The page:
Coronavirus: 'Nothing is ruled out' on restrictions to fight virus, says PM

The Prime Minister Boris Johnson has urged businesses to stand by their employees as the Government faced criticism from its own MPs for failing to support workers in the coronavirus outbreak.

Mr Johnson told businesses the country would need them to bounce back after the crisis died down and urged them not to make the mass redundancies reported in recent days.

He said: “I say to business, stand by your employees, stand by your workers because we will stand by you.”

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And he announced the Chancellor Rishi Sunak would be announcing more measures for workers tomorrow.

Chief Medical Officer Professor Chris Whitty (left) and Chief Scientific Adviser Patrick Vallance (right) watch as Prime Minister Boris Johnson gestures as he speaks during a coronavirus news conference inside 10 Downing Street. Photo: Leon Neal/PA WireChief Medical Officer Professor Chris Whitty (left) and Chief Scientific Adviser Patrick Vallance (right) watch as Prime Minister Boris Johnson gestures as he speaks during a coronavirus news conference inside 10 Downing Street. Photo: Leon Neal/PA Wire
Chief Medical Officer Professor Chris Whitty (left) and Chief Scientific Adviser Patrick Vallance (right) watch as Prime Minister Boris Johnson gestures as he speaks during a coronavirus news conference inside 10 Downing Street. Photo: Leon Neal/PA Wire | pa

It came after a Tory former business secretary warned firms are making “irreversible” decisions.

Greg Clark insisted businesses are “facing a crisis” as revenue is “collapsing”, and he added the Government’s £330bn guarantee scheme - which includes loans - provides “no reason to keep staff employed”.

He said “large numbers of people will be unemployed” if the Government does not act immediately, with the MP suggesting the nation should be “paying the wages” of people for the next few weeks in order to prevent redundancies.

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Conservative former work and pensions secretary Iain Duncan Smith also suggested changing benefit rates and reducing waiting times to offer assistance to people via Universal Credit, with the Government saying it as looking at “all the options”.

Asking an urgent question in the Commons, Mr Clark said of businesses: “With revenue collapsing and no knowledge of when normal trading can resume, they see no choice but to lay off workers now.”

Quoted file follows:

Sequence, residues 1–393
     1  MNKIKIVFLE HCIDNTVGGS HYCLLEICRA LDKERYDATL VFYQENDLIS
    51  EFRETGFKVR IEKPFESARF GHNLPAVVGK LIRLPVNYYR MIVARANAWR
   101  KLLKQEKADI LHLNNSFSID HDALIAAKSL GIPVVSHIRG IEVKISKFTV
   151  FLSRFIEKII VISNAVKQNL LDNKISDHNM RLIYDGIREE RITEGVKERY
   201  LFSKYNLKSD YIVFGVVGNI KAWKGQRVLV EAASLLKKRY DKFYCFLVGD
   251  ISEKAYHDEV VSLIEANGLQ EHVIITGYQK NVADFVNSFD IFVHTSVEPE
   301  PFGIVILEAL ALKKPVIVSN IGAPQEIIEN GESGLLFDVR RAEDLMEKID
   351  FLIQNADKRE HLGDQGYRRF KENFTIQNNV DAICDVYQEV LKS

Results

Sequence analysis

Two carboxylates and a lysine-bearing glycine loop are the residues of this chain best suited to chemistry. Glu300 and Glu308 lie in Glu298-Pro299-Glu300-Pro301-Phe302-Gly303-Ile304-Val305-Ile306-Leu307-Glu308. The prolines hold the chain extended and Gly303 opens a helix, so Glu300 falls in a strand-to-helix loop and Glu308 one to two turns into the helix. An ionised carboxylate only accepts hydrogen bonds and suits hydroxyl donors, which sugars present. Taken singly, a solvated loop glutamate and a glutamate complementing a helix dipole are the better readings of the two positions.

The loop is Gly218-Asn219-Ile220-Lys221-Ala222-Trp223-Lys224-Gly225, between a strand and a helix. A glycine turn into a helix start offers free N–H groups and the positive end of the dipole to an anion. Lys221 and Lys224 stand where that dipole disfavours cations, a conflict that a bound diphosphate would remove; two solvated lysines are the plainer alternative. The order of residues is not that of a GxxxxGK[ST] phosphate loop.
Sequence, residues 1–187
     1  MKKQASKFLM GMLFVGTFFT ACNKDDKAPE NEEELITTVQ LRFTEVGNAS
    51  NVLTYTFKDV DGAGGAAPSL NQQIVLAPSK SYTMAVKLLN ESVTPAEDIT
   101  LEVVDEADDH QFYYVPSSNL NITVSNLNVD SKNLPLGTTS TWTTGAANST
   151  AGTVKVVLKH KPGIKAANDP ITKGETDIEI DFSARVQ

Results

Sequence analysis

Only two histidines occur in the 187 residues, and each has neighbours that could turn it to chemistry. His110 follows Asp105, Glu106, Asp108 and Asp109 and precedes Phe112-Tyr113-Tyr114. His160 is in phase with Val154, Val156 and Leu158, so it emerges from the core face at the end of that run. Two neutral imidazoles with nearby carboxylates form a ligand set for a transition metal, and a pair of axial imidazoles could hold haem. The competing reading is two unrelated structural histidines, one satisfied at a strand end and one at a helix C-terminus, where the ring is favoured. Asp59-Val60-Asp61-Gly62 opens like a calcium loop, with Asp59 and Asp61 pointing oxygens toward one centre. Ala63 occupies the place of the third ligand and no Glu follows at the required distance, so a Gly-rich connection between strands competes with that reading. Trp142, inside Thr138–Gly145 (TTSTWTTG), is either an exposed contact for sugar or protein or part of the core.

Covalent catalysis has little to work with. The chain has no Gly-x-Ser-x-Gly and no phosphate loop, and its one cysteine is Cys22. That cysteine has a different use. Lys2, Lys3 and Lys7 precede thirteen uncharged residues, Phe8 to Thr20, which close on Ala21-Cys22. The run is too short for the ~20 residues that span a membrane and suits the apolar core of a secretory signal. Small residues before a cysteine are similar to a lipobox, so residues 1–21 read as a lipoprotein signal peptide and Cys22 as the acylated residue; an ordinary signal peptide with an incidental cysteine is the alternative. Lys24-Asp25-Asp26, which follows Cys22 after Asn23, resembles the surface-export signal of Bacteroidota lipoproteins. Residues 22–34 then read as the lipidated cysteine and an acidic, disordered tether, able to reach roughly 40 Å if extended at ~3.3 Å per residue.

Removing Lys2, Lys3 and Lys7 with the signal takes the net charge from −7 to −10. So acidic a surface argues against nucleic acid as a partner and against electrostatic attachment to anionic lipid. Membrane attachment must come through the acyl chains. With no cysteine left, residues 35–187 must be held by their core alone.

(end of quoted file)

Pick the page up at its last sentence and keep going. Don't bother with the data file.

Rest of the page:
Mr Clark said all employers have an account with HMRC to pay tax for employers through pay as you earn (PAYE).

He explained: “The monthly wage bill is known to HMRC. Instead of firms paying PAYE to the Government, that flow should now be reversed with the nation paying the wages of people for the next weeks if, and only if, they continue to employ their staff.

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“Separate arrangements would need to be made for the self-employed but at a stroke, this would save people’s jobs, save businesses and put an immediate end to the risk of contagion and help save the economy.”

It comes as the death toll for the virus in the UK reach 137, five of those have been in Yorkshire.

The total number of cases recorded in Yorkshire so far is 105.

Mr Johnson thanked everyone for the “huge efforts that the country is making” as he urged businesses to stand by their employees.

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He said his message to companies is “really think very carefully before you start laying off your staff”.

He added: “We do want to stand behind good companies, we do want to make sure people recognise that if they stand behind their staff, they should stand behind their staff, because we in the Government are going to stand behind British firms.”

But he stressed that “nothing is ruled out”, suggesting tougher restrictions on movement could be introduced if people failed to comply with advice.

“I’m conscious as the days have gone by that people will want to know how long we’re expecting them to keep it up,” he said.

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“I think, looking at it all, that we can turn the tide within the next 12 weeks and I’m absolutely confident that we can send coronavirus packing in this country.”

Meanwhile, the death toll in Italy rose to 3,405, overtaking the total number of deaths in China.

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